The Campaign Spot

Tedisco: Geithner Must Go

Jim Tedisco, the Republican running in the special election in New York’s 20th congressional district, called for Treasury Secretary Tim Geithner’s resignation today. I’m iffy on the policy, but it’s tough to say it’s not cheap, easy, good politics right now.

My reader from within New York’s 20th congressional district offers an update:

It’s been a week now and I thought I’d update you on how the north end of NY-20 seems to be tacking today . . .

 

Lawn signs are probably 30-1 in favor of Tedisco.  He’s everywhere.

 

Murphy has gone negative, and it’s really a stretch.  DNC has put out a commercial that talks about Tedisco billing $21k for fuel or per diem or something along those lines.  My husband’s reaction?  “Oooh, $21k, that’s SO much money.  Don’t the Dems realize half the people who live in Albany are state workers, and probably count on some form of per diem for spending money?  How do you let the guy who lives in Orange County get per diem but not the guy from Schenectady?  Stupid argument.”  Not only that, he happened to catch that the date on one of the expense reports shown in the commercial is from the early 80’s.  Not very persuasive.

 

Dems are also highlighting Tedisco’s late comments on the stimulus plan.  Unfortunately, all that’s doing is highlighting the fact once again that the bill passed in a rush without any Dems or GOP’ers actually reading the darn thing–and OH YEAH–that’s how the AIG bonuses ended up getting paid!  Dangerous territory for them.  I think all it will do is remind the voters of how ticked they are, nothing compared to a squeak of righteous indignation that Tedisco should’ve said he didn’t like the stimulus bill sooner.  Most people I talk to don’t think the plan will work and are in total and complete bailout fatigue.

 

I’ve seen two Tedisco commercials, one of which is the “we’re all on the same team” commercial you had referenced in an earlier post.  It didn’t make me want to jump up and down, but it does appeal to reasonable GOP’ers who actually respect the office of the presidency and refuse to engage in the inane, hateful behavior exhibited by Dems when Bush was in charge.  We don’t like Obama’s policies and may not even like him as a person, but we’d beat the crap out of anyone from France who makes fun of him . . . know what I mean?  Anyway, I wish that commercial had run at the beginning of Jim’s campaign.  It highlights his decency.  The other Tedisco commercial I’ve seen is a state or national GOP ad (can’t remember) that talks about Murphy creating jobs in India when upstate is hurting.  This time it features a much more serious tone, and while I think that argument has been made and is now redundant, it’s not as damaging as the other silly ads that were running up until last week.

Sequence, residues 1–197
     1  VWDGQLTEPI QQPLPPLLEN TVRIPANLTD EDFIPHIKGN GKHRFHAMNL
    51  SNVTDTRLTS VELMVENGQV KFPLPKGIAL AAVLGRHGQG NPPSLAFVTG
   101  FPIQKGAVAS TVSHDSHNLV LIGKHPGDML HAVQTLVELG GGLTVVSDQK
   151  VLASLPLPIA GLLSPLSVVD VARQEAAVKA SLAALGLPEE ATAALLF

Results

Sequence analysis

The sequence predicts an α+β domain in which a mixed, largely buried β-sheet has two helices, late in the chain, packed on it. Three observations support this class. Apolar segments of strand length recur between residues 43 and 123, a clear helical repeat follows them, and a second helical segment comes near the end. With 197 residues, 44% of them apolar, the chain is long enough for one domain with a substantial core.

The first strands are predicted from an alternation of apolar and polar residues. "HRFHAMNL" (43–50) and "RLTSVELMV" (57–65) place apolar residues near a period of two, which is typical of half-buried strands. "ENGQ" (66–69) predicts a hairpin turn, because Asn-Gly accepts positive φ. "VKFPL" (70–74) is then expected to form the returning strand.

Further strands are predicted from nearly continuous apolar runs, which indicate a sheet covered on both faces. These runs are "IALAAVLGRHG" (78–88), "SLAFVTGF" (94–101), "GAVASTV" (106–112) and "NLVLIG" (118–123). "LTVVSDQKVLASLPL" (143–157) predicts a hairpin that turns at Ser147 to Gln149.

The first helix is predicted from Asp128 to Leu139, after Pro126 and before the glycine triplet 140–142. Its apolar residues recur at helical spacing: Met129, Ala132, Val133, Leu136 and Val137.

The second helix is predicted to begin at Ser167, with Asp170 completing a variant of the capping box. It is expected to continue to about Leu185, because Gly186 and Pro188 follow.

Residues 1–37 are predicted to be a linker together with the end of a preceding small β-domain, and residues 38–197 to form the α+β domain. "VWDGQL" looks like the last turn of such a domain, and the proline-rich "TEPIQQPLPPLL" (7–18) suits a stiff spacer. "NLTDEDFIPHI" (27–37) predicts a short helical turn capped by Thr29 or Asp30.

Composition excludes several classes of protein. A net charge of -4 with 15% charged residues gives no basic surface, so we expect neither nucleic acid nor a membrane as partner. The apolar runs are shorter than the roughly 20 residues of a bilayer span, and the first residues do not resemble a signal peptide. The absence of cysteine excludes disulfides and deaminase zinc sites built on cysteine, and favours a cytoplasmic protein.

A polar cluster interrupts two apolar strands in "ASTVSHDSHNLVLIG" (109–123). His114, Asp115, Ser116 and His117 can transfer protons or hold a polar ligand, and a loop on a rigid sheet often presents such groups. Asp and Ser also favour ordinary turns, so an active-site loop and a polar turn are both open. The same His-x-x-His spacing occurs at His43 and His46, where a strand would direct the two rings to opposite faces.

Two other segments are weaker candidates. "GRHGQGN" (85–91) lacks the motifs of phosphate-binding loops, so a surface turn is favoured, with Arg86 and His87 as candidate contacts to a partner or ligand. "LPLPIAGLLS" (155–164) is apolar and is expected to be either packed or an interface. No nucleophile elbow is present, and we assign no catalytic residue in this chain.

My parents a bit south of here in an affluent suburb had door-to-door visitors for Tedisco this weekend.  Nothing from Murphy.  I’ve only had Tedisco mailings and visits; no Murphy.  Maybe he figures the now-liberal city of Saratoga is locked up?

 

And finally, was at a coffee clatch last night and one of the moms mentioned that she accompanied her daughter’s grade school class to a Tedisco speech at a local elementary school.  She was very impressed with his kindness and affability.  She said he approached each child, asked their name, shook their hand and chatted with them.  Each child received an autographed photo in the mail afterwards.  I personally don’t know anyone who’s met Murphy.  This mother was voting for Tedisco and praised him to the skies in front of the other moms.

 

While Tedisco has had to live down the local coverage of Siena’s horrible 4-point poll, I’m hoping he’s started to stem the tide of negativity and at the very least hold his lead.  Folks around here are beyond the point of anger with the AIG bonuses and bailouts.  Remember, upstaters have the impression that it’s really wealthy, downstate liberals running Albany.  Look at Paterson’s approval ratings.  Fatigue is the key word right now.  Unless Murphy can make a strong case for change, he may begin to slip, as people will end up going with the guy they’re most familiar with.  I’m not sure Obama is as popular here as he was back in November; I’ve had more than one Obama voter tell me now that they actually regret their vote.  Not GOP’ers, either.  

 

That’s the view from here–off to fill out and mail my absentee ballot.

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